C&C: What's so bad about conventional beauty products? What are some of the ingredients to look out for?

I have always had this thing about staying away from saying conventional is "bad" because I don't want to put down anyone else—the skills and assets I learned while working with a brand like NARS will forever be a gift to me—and to be able to take that education and bring it to something better and more powerful for women means the world to me. 

That being said, parabens are number one. In my research, I've found that parabens have a direct, proven, solid link to breast cancer. If that isn't a red light to anybody, I don't know what is.

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Avobenzone and oxybenzone are also dangerous because all we want to do right now is protect our skin from the sun. Here, we feel like we’re doing something good for ourselves, when, in fact, we are using a sunscreen loaded with chemicals, and we think it’s fantastic because it has SPF 85 or some grand number, but what goes into these products is so bad for us. Oxybenzone is a delivery system for a sun-blocking agent, so it delivers the sunscreen agent into the tissue of the skin where it then neutralizes the UVB and UVA rays; however, our body doesn't know what they are, and it trips our system to believe they are hormone disrupters or hormones. The results are potentially cancerous and simply not good for you—period. When it comes to a sunblock, we should all focus on a block that blocks sun rays on the surface of your skin. A lot of brands are only using non-micronizing oxides so it doesn't penetrate the skin and it for sure blocks the sun rays right there on the surface without having to use avobenzone and oxybenzone

Another one that really gets me is Propylene glycol. The next time you're in the airport, look in a hanger and you’ll see a huge vat that says that [Ed note: It's used as an aircraft de-icer since it's able to lower the freezing point of water]. It's also used as an emulsifier in cream cosmetics that gives things a beautiful slip, and as a color binder. It's just so bad for you.

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And then there's mineral oil. It’s not necessarily toxic, but it's also not good for the skin. It just lies on the surface, and if you're somebody who has any skin condition that requires you to hydrate, when you use products that contain silicones or mineral oil, all it does is mask your skin by saran wrap. It does nothing to heal it and creates the illusion of hydration. And it's really bad for the environment; petroleum isn’t renewable, so any brand that claims to be green and still uses silicone is not good for you.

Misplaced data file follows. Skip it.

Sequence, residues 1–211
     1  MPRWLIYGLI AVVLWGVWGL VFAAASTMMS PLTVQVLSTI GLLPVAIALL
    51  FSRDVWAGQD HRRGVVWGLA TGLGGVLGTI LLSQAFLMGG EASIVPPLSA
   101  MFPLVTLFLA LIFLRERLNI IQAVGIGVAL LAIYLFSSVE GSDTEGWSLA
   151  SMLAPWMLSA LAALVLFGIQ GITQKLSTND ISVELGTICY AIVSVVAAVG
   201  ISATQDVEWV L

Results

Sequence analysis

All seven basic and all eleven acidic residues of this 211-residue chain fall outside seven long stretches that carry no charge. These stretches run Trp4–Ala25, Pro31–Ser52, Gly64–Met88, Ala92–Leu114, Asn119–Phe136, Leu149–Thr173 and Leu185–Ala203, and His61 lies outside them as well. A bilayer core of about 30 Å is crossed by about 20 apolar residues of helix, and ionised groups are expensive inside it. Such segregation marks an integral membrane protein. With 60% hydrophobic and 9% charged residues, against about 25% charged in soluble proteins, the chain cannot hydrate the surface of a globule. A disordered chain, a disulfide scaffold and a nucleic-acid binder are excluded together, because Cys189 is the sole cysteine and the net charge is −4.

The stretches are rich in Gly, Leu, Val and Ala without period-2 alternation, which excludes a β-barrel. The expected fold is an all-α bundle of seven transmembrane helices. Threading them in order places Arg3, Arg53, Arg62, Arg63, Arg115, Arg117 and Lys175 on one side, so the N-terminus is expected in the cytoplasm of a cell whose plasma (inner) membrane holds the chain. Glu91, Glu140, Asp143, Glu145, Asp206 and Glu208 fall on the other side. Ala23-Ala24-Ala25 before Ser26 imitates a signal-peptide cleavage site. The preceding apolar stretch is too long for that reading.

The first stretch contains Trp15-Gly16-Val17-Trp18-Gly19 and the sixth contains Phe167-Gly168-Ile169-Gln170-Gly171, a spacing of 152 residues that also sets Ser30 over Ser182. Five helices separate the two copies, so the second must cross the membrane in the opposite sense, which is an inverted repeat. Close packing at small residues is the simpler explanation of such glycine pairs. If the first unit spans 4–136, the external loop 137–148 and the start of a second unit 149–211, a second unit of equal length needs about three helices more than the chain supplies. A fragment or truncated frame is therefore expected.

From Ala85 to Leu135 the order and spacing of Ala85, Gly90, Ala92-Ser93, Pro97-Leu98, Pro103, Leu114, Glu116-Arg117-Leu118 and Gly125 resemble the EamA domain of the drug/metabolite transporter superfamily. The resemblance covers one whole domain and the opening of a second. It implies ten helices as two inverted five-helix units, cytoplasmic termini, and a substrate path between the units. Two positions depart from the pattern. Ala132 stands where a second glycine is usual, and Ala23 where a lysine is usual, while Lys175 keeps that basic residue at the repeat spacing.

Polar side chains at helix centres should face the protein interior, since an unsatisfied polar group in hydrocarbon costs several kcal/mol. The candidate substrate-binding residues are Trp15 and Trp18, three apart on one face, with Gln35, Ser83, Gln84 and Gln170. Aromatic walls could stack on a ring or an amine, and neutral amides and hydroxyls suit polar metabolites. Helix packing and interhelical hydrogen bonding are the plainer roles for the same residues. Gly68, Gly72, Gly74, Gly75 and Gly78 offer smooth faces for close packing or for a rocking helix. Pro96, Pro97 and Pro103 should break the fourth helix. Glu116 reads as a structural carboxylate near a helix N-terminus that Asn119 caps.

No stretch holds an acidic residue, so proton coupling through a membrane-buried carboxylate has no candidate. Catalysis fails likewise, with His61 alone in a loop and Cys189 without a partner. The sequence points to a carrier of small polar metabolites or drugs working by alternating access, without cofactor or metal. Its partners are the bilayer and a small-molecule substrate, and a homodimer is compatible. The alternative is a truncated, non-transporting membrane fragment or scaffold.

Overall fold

I could go on and on about ingredients, but those are my biggies.

C&C: Can you explain more about the environmental impact of using unnatural products?

SP: The key is staying away from petroleum products. It creeps in in every way—just look at your mascara. If you're using conventional mascara, the fibers are petroleum-based, so it can whittle its way into every piece of your cosmetic routine: When you wash your face, it goes into the watershed, which goes into your system; when it goes into the watershed, it just doesn’t leave.

C&C: Is it more important for some makeup to be natural over other products? For example, is it more important to use foundation / mascara or are they all really important?

SP: Down to the nitty gritty, go with the foundation and the concealer, whether a cream or a powder, that’s natural. It’s so important that you know what you're putting all over your complexion. Foundation is a big deal, it covers the most of our skin and we absorb as much as 80% of what we put on our skin. So, I’d argue that it takes priority over some other products, like mascara. 

C&C: Is natural makeup regulated?

SP: The FDA does not regulate what goes into cosmetics—they’re just now starting to step up, but the word "natural" gets thrown around left and right. What a woman needs to do is stop taking the marketing at face value and really read the labels. We need to educate ourselves in order to do the right thing for ourselves and our family. 

C&C: Is there a difference when it comes to natural vs. organic vs. vegan products?

SP: They don't go hand-in-hand. In terms of organic—if you’re claiming a product is organic, it must be a certain percentage of organic, therefore it doesn’t mean that a so-called “organic” product is 100% organic. You can't claim a product is organic unless there are 70% organic ingredients, actually.